Office House

Date 1947–1950
Code Z10
Address Třída Tomáše Bati 3792, Zlín
Public transport Public transport: Poliklinika (TROL 1, 2, 3, 6, 10, 11, 12)
GPS 49.2219003N, 17.6571225E

During the 1940s, no new public buildings were built in Zlín. A number of municipal institutions operated in a temporary mode - the state savings bank and a post office were located in the town hall, both remaining there until the early 1950s. The city's national committee therefore commissioned a proposal for an office house in 1947, in which the tax office, the national committee, the security department, and other public administration departments were to be placed. For these purposes, a plot of land was to be used which was near to the western edge of náměstí Práce by Benešova Street (now Tomáš Bata Avenue) and near to the factory complex and the Letná neighbourhood.
The authors of the design were Vladimír Karfík and Vladimír Kubečka, both former employees of Baťa's construction department, who took part in the company's construction during the 1930s and 1940s, and after World War II worked on a new master plan.
The project documentation from 1947 shows the intention to design the complex in the shape of the letter H. For financial reasons, the project was divided into three stages. In the first stage, the existing seven-storey house orientated north-south was built, which in the design forms the lower wing. The main entrance to the building was intended to be in the inner connecting section. A generous hall and meeting room were located in the middle three-storey tract. There were insufficient resources to implement the middle and southern wings however, and consequently they remained on paper. The parking spaces were located in the street next to the south (non-existent) wing, which was to have the character of a side street. After the completion of all stages, these buildings would have closed the still-unfinished náměstí Práce.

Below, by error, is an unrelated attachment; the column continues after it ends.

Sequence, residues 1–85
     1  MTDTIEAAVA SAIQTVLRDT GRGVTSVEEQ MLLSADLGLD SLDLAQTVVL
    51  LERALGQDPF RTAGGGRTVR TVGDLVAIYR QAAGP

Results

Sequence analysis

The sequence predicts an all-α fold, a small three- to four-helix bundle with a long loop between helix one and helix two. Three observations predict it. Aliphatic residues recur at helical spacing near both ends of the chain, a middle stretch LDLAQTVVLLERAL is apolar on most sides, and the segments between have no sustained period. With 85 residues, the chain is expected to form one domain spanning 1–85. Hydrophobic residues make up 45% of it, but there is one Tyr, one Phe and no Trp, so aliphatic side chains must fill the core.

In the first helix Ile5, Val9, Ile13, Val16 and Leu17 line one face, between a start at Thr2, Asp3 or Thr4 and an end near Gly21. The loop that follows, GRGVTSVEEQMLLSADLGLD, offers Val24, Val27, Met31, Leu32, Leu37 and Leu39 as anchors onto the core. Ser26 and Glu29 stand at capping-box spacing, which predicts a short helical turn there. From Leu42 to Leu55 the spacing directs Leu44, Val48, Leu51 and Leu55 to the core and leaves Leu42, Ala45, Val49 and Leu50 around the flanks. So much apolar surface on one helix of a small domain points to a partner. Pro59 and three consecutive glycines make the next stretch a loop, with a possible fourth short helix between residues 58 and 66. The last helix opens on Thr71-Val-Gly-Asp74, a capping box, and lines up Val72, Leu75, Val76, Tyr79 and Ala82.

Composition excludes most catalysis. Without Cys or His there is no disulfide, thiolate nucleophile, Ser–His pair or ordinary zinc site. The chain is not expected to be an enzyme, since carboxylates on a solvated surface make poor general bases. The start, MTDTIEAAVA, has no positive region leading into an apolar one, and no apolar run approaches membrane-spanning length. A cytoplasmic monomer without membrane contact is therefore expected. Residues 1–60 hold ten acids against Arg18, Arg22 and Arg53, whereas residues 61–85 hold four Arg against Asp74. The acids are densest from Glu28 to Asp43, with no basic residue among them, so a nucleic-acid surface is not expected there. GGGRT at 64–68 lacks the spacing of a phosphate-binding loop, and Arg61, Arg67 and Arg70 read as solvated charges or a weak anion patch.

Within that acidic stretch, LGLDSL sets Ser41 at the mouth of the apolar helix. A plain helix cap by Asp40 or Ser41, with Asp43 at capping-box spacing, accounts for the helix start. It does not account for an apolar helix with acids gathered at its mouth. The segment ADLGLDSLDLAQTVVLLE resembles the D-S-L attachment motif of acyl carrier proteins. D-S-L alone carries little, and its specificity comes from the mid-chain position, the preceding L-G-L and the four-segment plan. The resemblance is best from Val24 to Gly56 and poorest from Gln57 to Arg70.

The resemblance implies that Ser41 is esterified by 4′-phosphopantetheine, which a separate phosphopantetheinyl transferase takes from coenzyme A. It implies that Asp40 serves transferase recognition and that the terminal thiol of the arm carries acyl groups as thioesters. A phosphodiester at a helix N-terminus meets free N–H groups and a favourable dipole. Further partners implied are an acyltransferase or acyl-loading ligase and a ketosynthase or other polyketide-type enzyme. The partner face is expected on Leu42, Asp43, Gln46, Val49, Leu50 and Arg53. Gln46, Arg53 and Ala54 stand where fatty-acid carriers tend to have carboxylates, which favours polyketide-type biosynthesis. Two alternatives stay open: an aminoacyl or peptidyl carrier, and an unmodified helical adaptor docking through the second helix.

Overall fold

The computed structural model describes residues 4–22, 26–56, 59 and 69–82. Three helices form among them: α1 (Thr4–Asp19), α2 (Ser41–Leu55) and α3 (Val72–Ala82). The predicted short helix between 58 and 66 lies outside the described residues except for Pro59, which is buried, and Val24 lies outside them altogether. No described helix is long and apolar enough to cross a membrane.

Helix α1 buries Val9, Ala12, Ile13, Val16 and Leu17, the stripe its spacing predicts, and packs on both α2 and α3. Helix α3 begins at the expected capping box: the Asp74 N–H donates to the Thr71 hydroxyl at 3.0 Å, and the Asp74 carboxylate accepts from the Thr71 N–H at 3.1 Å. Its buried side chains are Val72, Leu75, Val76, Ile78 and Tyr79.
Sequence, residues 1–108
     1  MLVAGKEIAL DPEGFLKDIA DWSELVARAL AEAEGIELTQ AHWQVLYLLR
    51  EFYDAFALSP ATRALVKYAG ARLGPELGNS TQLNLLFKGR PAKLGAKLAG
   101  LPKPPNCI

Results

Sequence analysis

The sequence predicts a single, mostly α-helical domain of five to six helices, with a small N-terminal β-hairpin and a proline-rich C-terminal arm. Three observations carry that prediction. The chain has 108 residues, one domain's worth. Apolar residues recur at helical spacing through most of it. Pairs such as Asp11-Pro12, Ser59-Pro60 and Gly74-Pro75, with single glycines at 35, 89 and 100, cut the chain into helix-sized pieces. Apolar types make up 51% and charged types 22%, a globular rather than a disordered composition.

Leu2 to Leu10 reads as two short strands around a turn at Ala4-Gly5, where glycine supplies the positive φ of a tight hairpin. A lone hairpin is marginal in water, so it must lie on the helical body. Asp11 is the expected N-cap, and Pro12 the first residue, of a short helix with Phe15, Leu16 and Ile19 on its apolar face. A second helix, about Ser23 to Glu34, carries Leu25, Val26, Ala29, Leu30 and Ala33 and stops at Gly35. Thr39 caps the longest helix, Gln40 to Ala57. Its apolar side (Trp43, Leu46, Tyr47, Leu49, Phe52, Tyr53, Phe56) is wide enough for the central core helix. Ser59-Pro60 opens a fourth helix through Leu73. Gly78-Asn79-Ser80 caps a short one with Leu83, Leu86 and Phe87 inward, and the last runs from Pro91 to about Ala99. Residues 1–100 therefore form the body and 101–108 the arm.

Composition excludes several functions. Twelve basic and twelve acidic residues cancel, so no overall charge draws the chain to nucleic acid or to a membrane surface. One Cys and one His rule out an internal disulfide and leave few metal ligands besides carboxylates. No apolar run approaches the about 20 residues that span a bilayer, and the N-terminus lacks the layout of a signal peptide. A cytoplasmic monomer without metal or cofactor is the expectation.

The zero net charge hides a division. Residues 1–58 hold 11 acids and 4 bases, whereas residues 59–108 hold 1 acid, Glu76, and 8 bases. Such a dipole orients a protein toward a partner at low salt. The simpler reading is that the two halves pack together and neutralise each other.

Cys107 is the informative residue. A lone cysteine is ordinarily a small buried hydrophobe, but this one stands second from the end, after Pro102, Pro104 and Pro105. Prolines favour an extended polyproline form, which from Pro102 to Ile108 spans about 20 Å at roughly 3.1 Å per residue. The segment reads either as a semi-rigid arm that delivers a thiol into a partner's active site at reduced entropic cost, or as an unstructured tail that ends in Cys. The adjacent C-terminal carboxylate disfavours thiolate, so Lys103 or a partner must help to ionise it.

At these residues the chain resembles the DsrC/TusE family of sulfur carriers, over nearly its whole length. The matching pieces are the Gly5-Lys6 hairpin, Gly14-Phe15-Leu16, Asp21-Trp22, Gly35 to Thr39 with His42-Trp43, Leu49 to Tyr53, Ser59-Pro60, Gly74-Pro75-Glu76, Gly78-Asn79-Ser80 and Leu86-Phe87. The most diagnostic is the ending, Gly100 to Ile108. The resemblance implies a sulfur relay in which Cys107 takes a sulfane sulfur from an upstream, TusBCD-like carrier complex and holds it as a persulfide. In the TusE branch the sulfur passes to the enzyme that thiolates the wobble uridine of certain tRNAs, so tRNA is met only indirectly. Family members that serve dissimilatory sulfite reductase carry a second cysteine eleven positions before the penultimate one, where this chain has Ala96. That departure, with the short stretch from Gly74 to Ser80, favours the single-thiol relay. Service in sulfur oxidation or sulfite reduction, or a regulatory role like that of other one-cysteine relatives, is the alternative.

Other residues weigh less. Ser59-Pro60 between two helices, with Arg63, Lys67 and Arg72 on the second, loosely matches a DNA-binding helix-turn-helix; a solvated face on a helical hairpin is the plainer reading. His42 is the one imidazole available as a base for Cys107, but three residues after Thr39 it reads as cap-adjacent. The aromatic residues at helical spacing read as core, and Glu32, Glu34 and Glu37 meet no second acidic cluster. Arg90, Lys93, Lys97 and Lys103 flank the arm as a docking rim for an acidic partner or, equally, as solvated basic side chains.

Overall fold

Architects Vladimír Karfík and Vladimír Kubečka opted for the proven layout of a middle hallway flanked by offices on either side using a factory module of 6.15 x 6.15 m. In the middle corridor, the module is reduced to 3.2 x 6.15 m. The structure is made of reinforced concrete frame and lightweight bricks. The façade has a vertical composition. In each module there is a regular grid of four rectangular windows of the American type, with pillars between windows made of prefabricated concrete blocks and with concrete window sills.
The simple rectangular shape of the building is complemented in its centre by a triple- vaulted roof, which highlights the main facade of the building. In the central part of the building there is a generous U-shaped staircase, which is part of the entrance hall, connecting all floors; there was also a paternoster lift and a personal elevator. The representative interior in the entrance area was reminiscent of official buildings from the interwar period - the herringbone wooden floors were complemented by terazzo and zlinolit rubber flooring in the offices, the vestibule was clad with light granite, and stone cladding appeared on the stairs. The offices were separated by prefabricated partitions, and there were waiting rooms and sanitary facilities on each floor.
The original layout of the complex of buildings in the shape of the letter H was never realised and the proposed urbanism was later changed. In 1975, multi-capacity garages were built on the south side, and in 1990 a new Tomáš Baťa University building (today's U2, Faculty of Management and Economics) was built nearby. In 1999, the building of the former Office House served as the seat of the public regional administration. Due to lack of space, however, the building was extended. The design was carried out by architects Štefan Čilík and Martin Frank in two stages. In the first stage, the building was raised by one floor using a roof superstructure. The façade of the new, eighth, floor was made of light grey aluminium wall profiles, which do not seem to correspond sensitively with the original façade. This intervention also disrupts the original composition of the building as the middle elevated part of the roof becomes almost invisible from the street. According to the design, in the second stage, a new building was built in the eastern part, where the Labour Office is located today. 
Despite significant interventions in the architectural appearance and urban concept, the building is an important example of Zlín's post-war architecture; it is the first example of a public building in Zlín where no face bricks were used.